Interview: All We Are - “We don’t see it as a short-term thing”

Crossing paths from three separate countries, Liverpool’s All We Are are united in their love of psych.

It’s not quite funk, it’s not quite disco, and it’s not even psych. The three members of All We Are - Guro Gikling (bass, vocals), Rich O’ Flynn (drums) and Luis Santos (guitars) bond over a love of just about anything, and together in their early singles they’ve latched onto a sound that is neither one thing nor the other. It simply works.

Debut ‘Utmost’ Good’ was released back in the early months of 2013. Tagged with the eye-opening “Bee Gees on diazepam” description, it gave hints towards psych giants Unknown Mortal Orchestra, only it arrived with an even more deranged, under-ether take on things. Follow-up ‘Feel Safe’ (the band’s first single on Domino) was a little sharper in approach, its funk slides and clipped guitars possessing a razor-edge.

The group’s eclecticism could be put down to different backgrounds. Guro is Norwegian-born, with the Ireland-bred O’ Flynn and the Brazilian Santos completing a rich and diverse line-up. But together, these three all speak from the same page. They love good music, good atmospheres and, above anything else, good booze.

Rich cites a recent getaway trip to the North of Wales as evidence of All We Are’s unorthodox routine. They packed their gear, recording equipment and a fortnight’s worth of liquor. “Our mission was to write a tune a day for two weeks. A couple of those were album-worthy. Three tunes in two weeks was pretty good, and we had a fucking load of fun,” he eagerly recites. “We lock ourselves in, enter this All We Are world and just write,” says Guro. “We’ll come out of it and be like ‘Woah, there’s an actual world out there’. This is weird. We have to go back to civilisation.”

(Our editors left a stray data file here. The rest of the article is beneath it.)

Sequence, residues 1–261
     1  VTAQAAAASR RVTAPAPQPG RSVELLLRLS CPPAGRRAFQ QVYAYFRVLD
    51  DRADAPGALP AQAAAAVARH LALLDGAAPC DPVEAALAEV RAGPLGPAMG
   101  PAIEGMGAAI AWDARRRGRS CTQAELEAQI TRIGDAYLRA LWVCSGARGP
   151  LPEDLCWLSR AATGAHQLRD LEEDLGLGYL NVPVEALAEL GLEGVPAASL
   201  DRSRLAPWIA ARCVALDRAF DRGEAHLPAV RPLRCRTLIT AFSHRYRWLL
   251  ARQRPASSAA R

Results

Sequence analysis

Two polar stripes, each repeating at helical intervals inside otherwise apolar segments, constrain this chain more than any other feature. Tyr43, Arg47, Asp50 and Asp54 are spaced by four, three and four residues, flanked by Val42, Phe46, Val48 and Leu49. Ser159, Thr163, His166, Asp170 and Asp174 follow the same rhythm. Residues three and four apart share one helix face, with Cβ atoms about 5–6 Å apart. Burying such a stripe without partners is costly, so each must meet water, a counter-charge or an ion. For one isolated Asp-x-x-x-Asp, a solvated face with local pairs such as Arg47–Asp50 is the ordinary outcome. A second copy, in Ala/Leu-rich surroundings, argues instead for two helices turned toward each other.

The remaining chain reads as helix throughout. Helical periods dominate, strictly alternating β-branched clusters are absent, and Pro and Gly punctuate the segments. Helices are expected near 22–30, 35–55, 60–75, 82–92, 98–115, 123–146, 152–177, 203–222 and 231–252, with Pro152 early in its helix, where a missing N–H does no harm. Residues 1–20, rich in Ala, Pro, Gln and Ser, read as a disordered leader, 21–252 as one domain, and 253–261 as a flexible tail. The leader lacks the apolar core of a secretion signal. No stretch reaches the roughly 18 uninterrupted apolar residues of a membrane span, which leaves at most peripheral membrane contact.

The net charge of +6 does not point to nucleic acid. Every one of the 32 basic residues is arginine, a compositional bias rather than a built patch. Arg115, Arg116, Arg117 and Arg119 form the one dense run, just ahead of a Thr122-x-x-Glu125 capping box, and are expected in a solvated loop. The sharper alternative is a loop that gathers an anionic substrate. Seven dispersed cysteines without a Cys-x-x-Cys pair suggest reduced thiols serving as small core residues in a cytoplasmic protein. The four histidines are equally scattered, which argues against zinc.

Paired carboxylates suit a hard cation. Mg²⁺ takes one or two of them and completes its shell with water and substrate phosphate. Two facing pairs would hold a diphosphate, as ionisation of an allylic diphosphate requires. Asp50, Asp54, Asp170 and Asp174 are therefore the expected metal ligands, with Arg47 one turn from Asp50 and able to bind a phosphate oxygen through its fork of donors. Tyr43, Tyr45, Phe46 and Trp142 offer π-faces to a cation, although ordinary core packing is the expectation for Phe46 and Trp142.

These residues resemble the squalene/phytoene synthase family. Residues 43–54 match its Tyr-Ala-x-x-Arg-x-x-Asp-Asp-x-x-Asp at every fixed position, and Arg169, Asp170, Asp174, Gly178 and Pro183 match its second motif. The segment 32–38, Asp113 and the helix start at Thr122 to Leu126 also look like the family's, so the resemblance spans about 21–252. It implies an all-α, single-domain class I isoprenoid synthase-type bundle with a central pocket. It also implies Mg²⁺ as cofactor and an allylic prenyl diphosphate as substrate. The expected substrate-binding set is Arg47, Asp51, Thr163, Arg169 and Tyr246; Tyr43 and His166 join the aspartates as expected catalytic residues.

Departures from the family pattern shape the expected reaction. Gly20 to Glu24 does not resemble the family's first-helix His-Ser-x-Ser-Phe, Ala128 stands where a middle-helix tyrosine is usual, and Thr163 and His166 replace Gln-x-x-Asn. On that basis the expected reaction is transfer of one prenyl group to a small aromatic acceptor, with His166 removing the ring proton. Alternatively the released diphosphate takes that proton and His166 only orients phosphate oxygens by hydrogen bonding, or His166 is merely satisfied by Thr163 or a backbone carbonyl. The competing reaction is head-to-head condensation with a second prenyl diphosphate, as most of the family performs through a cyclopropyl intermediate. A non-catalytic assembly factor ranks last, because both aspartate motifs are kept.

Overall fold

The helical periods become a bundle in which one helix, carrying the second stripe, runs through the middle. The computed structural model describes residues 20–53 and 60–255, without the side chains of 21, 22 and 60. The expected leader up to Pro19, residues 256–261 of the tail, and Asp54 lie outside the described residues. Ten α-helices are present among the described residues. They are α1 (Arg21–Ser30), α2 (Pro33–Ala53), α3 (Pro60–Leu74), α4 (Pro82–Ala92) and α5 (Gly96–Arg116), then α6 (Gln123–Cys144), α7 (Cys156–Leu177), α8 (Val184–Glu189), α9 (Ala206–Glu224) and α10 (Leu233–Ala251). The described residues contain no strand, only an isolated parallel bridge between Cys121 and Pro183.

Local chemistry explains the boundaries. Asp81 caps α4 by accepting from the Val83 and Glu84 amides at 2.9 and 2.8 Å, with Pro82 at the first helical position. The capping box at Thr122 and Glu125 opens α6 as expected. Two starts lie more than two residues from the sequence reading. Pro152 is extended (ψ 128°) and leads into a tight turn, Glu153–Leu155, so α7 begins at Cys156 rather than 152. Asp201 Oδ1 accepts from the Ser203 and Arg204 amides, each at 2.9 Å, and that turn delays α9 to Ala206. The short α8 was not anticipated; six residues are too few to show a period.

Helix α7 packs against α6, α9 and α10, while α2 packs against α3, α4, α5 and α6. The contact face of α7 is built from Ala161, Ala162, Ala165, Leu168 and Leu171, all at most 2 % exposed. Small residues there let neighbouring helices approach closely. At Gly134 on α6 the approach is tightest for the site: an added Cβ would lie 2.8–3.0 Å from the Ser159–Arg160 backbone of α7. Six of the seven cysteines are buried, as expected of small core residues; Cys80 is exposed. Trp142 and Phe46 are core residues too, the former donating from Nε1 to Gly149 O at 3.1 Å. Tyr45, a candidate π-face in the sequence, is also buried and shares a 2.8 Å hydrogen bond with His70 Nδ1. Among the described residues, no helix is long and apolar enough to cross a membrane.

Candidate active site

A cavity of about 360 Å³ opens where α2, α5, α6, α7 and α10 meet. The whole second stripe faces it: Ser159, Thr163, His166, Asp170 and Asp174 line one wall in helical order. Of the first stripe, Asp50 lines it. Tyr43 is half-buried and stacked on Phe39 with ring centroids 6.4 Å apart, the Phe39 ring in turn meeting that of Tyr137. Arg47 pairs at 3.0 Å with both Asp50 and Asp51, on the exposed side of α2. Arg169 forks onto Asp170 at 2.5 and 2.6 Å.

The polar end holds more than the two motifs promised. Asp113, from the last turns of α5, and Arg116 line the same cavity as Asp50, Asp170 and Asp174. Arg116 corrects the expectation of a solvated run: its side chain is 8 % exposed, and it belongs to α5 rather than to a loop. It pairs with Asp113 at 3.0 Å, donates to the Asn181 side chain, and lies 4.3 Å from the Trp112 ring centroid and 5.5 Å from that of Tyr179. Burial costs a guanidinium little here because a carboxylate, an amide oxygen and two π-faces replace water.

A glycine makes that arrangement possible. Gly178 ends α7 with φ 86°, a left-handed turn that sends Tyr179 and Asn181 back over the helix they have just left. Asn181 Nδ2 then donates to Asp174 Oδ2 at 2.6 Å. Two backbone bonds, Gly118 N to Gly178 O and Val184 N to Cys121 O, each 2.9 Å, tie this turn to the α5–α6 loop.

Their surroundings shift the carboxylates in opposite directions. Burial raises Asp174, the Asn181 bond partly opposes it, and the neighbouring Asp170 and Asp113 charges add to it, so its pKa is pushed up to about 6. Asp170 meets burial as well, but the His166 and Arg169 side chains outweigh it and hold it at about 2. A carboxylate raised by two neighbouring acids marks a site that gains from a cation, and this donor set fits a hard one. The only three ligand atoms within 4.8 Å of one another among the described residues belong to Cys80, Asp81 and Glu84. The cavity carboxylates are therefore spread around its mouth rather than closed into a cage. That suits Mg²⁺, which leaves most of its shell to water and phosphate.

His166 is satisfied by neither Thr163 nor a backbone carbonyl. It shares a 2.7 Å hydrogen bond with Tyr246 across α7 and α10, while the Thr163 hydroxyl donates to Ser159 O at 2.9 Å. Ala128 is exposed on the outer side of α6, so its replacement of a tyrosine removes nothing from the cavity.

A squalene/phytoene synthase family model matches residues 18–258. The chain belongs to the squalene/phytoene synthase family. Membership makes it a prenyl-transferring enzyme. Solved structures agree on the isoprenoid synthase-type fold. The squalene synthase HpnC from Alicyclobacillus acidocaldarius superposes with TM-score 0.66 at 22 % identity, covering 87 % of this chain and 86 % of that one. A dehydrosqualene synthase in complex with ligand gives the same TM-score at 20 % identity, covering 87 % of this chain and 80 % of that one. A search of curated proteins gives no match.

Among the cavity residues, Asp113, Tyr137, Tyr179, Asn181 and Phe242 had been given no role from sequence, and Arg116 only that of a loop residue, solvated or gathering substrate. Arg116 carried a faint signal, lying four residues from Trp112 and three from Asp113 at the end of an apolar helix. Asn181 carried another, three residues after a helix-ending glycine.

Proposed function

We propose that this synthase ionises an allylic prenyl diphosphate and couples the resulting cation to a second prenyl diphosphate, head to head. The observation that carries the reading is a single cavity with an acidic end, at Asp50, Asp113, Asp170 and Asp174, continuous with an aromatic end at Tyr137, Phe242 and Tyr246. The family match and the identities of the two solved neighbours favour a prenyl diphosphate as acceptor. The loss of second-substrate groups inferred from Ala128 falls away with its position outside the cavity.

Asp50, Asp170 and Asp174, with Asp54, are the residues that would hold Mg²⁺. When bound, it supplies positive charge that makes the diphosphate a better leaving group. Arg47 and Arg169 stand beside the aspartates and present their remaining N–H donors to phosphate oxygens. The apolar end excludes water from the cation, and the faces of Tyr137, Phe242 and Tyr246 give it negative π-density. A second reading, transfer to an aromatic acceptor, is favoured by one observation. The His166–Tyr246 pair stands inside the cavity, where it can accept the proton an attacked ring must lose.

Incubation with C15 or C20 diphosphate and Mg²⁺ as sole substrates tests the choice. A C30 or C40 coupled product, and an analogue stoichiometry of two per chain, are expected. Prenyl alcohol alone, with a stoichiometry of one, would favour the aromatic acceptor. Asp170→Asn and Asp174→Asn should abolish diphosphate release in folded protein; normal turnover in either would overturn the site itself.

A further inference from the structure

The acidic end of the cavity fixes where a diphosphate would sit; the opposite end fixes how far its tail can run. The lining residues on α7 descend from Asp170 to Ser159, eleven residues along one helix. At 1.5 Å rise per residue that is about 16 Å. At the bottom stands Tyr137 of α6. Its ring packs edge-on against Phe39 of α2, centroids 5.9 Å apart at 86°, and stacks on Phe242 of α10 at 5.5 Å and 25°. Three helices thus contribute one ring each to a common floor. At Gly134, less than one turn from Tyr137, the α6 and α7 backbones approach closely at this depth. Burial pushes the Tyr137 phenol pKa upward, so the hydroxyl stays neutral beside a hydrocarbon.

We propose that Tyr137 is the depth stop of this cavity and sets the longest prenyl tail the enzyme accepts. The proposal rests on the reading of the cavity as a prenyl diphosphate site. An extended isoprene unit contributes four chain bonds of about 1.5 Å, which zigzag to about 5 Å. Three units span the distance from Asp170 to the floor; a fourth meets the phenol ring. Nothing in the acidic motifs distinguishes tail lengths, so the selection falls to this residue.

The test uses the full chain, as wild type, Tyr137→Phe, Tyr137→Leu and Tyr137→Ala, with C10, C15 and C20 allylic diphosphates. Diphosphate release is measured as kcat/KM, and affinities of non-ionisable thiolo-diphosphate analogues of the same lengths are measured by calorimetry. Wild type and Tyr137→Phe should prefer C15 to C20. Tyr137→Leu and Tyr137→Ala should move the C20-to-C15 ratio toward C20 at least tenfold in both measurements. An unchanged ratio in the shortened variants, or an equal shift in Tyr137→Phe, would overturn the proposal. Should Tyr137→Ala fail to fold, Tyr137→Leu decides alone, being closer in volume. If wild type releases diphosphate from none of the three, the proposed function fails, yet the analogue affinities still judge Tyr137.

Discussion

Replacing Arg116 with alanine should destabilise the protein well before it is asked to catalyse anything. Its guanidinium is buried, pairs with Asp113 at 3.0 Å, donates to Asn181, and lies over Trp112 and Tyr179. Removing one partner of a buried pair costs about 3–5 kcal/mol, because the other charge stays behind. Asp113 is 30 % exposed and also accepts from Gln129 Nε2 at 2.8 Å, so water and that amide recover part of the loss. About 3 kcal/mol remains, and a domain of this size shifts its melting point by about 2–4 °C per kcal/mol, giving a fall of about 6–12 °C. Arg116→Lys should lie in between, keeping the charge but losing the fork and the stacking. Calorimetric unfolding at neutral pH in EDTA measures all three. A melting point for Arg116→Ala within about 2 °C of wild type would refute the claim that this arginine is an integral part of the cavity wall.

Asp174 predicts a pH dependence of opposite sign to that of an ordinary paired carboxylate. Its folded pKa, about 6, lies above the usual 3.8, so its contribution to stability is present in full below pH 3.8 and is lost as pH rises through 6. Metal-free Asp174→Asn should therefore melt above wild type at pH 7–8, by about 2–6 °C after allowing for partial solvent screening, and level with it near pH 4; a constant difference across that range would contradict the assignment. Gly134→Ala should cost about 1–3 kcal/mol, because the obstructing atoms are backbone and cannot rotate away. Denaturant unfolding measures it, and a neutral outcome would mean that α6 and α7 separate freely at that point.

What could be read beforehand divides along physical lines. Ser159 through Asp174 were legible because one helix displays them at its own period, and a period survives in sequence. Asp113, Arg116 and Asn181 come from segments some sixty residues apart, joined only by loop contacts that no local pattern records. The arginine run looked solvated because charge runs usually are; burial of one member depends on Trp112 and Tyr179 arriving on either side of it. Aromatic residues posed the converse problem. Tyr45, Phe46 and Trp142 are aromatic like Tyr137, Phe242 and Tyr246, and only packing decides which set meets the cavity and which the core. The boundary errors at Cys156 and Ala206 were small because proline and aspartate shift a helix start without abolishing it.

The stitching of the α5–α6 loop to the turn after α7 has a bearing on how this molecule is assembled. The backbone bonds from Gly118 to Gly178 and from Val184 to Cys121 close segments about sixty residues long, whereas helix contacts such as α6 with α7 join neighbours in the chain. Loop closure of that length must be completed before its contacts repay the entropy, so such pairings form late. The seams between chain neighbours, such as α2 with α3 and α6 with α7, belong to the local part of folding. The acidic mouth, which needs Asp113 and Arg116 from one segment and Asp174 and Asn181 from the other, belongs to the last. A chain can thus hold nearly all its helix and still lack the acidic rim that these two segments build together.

All three of the band write together on a prolific basis. Sometimes it’ll involve far-out sessions, six hour “jams” (“nobody will ever hear them,” jokes Guro). Other times every member will swap instruments, entering into some distressed, free jazz experience. “I was on guitar and it was like ‘Fuck man,’ it’s a spaceship in here,” Rich says, as traditional guitar wizard Luis sips a mid-afternoon pint ahead of the band’s Great Escape Festival set.

“It’s not really funk that we do. It’s just groove-based.”

— Rich O’ Flynn

Together, they deny suggestions that they’re cosying up to one particular genre. “Disco” and “funk” are both dirty words according to Rich and Guro, with the latter narrowing down the group’s sound to “psychedelic boogy.”

“There’s an atmosphere to the tunes, an expansiveness. People might call it psychedelia, but it’s more a depth,” backs up Rich. “It’s not really funk that we do. It’s just groove-based. That’s always existed.”

If it’s just an initial taste of psych that the band tend to expose in their recordings, the actual psychedelic mentality they share was enhanced by recent sessions with producer Dan Carey. His conventional studio setting involves flooding the room with smoke and lasers. “We all came out of it as new people. Even spiritually. It was really special,” says Luis. “We really made a mate for life,” echoes Rich.

All We Are - "We don't see it as a short-term thing"

Of the sessions, Guro recites a process that sounds psych to the extreme. “By the end you start seeing things that aren’t really there, feeling things you didn’t know you could feel… It’s really weird, this one track while we were playing it, I felt like I was wading through water.” Carey might’ve brought out the inner acid trip in All We Are, but on record they still sound remarkably cool under the conditions.

An eventual full-length is expected to come out in the beginning of 2015. For the time being, the band are going to carry on writing. Signing to Domino gave them a sudden jolt in motivation, a desire to keep on penning songs. “They’re really supportive. They’re lovely human beings. They believe in what we’re doing,” says Guro of the label, before summing up the trio’s long-term plan. “We always wanted to do an album. We wanna make loads of albums. All We Are is a very new band when you look at the scheme of things. But we’re gonna stick around for a long time.” At once, the three of them burst into laughter. It almost sounds like a collective cackle, like they’re together planning on taking over the world.

“But we’ve really been focused on this,” says Rich. We always thought we’d plough on and see it through to the end. We love writing. We don’t see it as a short-term thing.”


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